Unfortunately, the above scheme only works when the polarizations of the two beams (pump and Stokes) are perpendicular to the optical axis of a crystal, and the type I phase matching (ooe) is employed. When the polarization of the pump and Stokes beams are both e-polarized, the eeo interaction is highly phase mismatched. Therefore, the main cascaded channel would be eee interaction, which can never be phase matched. Consequently, there was no cascaded quadratic process observed, and the lineshape stayed unchanged as we varied the angle.
In this report, we explore two of the four most widely used nonlinear optical crystals, potassium titanyl phosphate (KTP) [16, 17] and lithium niobate (LiNbO3) [18, 19]. Furthermore, we investigate the possibility of heterodyning CARS signal at the interface of two media – isopropyl alcohol and nonlinear crystal, LiNbO3.
2. Experimental setup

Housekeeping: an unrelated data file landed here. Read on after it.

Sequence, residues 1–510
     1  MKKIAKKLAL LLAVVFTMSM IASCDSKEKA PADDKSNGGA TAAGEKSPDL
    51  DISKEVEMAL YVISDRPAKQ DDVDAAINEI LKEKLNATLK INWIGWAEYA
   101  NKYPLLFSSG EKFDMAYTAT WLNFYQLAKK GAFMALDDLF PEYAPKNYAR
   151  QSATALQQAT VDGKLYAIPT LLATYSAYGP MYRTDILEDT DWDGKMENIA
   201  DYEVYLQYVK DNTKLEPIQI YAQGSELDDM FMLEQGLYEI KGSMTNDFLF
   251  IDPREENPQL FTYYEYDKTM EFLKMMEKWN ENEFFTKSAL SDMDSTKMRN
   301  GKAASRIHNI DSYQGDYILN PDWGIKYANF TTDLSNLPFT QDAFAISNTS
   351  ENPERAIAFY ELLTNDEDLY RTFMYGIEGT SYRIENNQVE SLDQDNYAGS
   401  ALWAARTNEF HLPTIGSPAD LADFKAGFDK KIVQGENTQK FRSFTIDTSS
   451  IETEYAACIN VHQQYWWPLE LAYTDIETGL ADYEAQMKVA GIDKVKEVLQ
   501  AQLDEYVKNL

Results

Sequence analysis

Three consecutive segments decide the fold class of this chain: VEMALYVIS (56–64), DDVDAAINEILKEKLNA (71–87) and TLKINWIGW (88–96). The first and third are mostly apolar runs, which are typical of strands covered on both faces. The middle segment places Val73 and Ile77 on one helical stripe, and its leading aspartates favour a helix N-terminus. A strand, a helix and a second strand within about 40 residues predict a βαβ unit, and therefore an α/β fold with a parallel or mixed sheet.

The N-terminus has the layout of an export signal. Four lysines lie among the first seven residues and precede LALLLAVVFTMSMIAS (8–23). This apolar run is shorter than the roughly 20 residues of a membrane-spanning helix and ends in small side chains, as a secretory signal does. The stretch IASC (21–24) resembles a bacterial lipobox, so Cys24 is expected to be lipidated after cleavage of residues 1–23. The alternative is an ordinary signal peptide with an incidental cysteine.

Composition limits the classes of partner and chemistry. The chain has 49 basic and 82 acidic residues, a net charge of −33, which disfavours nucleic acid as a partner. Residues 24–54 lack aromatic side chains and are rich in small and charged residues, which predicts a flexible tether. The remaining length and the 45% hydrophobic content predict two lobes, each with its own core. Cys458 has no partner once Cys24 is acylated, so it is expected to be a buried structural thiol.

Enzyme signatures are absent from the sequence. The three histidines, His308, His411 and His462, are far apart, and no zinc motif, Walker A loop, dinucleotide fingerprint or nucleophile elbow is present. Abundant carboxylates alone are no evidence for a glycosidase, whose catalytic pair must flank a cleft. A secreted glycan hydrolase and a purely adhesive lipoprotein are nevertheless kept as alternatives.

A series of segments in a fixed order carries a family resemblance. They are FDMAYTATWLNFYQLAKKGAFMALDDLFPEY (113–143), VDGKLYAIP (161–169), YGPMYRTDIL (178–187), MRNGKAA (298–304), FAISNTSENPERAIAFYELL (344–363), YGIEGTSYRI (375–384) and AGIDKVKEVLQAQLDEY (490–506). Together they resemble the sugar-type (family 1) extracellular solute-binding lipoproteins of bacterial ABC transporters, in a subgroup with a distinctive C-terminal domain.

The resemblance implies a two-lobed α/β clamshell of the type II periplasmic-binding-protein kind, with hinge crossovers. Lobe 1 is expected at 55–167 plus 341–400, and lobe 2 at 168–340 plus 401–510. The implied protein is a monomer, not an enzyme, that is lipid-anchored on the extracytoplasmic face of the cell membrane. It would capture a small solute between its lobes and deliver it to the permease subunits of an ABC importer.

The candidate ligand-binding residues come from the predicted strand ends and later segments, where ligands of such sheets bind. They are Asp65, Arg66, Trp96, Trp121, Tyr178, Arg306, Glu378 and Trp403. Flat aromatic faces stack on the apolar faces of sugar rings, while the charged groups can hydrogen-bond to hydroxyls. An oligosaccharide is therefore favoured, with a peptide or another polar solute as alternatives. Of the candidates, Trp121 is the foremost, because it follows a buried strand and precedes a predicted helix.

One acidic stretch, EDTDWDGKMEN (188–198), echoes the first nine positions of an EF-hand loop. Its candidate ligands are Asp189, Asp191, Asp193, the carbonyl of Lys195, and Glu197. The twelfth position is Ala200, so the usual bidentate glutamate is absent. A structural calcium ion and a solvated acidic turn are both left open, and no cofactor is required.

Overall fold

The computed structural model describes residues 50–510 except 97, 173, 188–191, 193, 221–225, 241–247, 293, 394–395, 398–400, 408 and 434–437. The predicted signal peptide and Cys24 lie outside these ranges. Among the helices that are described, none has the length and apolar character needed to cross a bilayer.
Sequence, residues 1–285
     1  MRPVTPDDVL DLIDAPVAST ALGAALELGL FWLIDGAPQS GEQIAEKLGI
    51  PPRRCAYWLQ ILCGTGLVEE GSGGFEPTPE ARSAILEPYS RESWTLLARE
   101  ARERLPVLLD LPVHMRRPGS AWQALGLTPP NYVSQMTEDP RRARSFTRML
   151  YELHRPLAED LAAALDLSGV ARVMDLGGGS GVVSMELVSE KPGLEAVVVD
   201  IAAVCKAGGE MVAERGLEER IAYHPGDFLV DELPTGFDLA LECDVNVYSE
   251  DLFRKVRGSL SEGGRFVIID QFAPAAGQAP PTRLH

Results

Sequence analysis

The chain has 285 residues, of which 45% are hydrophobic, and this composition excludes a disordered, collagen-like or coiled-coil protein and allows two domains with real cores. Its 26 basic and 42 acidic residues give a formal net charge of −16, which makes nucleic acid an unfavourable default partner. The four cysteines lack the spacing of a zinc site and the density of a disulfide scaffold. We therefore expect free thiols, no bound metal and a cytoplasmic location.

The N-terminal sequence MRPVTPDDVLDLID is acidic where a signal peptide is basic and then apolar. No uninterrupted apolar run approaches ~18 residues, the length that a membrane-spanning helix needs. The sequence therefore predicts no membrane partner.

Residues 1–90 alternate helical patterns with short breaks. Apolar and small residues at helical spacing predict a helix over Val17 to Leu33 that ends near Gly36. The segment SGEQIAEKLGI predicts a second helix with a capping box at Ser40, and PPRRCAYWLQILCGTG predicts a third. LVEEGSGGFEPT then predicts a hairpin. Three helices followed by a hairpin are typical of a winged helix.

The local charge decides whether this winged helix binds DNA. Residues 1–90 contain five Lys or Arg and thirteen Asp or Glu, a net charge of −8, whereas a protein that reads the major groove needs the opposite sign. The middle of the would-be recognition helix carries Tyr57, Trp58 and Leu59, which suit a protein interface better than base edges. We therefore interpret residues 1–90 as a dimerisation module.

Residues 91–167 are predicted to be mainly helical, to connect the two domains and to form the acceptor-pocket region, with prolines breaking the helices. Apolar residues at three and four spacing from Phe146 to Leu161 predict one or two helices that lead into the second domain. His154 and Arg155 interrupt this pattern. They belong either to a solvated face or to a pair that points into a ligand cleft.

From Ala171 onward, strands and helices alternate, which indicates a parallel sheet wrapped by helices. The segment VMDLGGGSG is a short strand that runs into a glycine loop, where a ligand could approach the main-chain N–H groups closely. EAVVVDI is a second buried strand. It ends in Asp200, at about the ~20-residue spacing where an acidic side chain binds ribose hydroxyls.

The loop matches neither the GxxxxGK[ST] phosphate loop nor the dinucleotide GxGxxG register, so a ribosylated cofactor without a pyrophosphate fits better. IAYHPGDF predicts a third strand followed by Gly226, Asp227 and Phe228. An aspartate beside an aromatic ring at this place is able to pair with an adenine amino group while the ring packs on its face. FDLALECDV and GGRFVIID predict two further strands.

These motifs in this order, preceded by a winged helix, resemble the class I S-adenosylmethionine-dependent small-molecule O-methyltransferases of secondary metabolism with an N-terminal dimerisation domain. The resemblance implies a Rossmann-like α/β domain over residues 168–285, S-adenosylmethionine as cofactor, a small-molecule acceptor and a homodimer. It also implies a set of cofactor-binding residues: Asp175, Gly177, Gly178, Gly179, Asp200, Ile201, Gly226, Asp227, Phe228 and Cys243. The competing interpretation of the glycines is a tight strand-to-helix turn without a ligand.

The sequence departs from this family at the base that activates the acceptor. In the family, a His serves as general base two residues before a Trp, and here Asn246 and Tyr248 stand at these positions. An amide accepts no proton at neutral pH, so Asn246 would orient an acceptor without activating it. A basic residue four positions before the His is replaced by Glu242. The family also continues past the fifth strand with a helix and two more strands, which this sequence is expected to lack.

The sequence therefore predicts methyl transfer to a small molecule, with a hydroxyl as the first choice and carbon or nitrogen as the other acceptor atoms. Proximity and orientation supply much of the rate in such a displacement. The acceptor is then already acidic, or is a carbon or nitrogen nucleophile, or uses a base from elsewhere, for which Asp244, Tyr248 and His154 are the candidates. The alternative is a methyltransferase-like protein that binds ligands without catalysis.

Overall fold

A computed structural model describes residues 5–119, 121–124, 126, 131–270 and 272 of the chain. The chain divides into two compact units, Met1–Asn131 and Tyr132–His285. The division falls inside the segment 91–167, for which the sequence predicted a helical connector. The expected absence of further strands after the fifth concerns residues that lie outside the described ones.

The experimental setup is similar to the one used in the previous work . Briefly, we employed a home-built MHz-rate diode-pumped Nd:YVO4 oscillator amplified by a diode-pumped two-stage Nd:YVO4 amplifier, which produced 10 µJ, 8 ps pulses at the wavelength of 1064 nm and an average power as high as 8 W . The output was split by a polarizing beam splitter (PBS). One part was focused into a single-mode GeO2 doped fiber to generate supercontinuum (SC) extending from 1100 nm to 1600 nm . This supercontinuum radiation served as a broadband Stokes pulse (ωs), whereas the rest of the fundamental radiation (ωp) at 1064 nm was used as a narrow band (<5 cm−1) pump/probe pulse to achieve a simultaneous excitation of all Raman modes in the spectral region of interest (200–3,000 cm−1). Half waveplates in a combination with polarizing cubes were used to attenuate the beams to avoid the saturation of nonlinear processes. The SC and the pump/probe beams were combined by a dichroic mirror (Semrock, Inc) collinearly and then focused into a nonlinear crystal using an achromatic aspheric lens (Thorlabs, Inc.).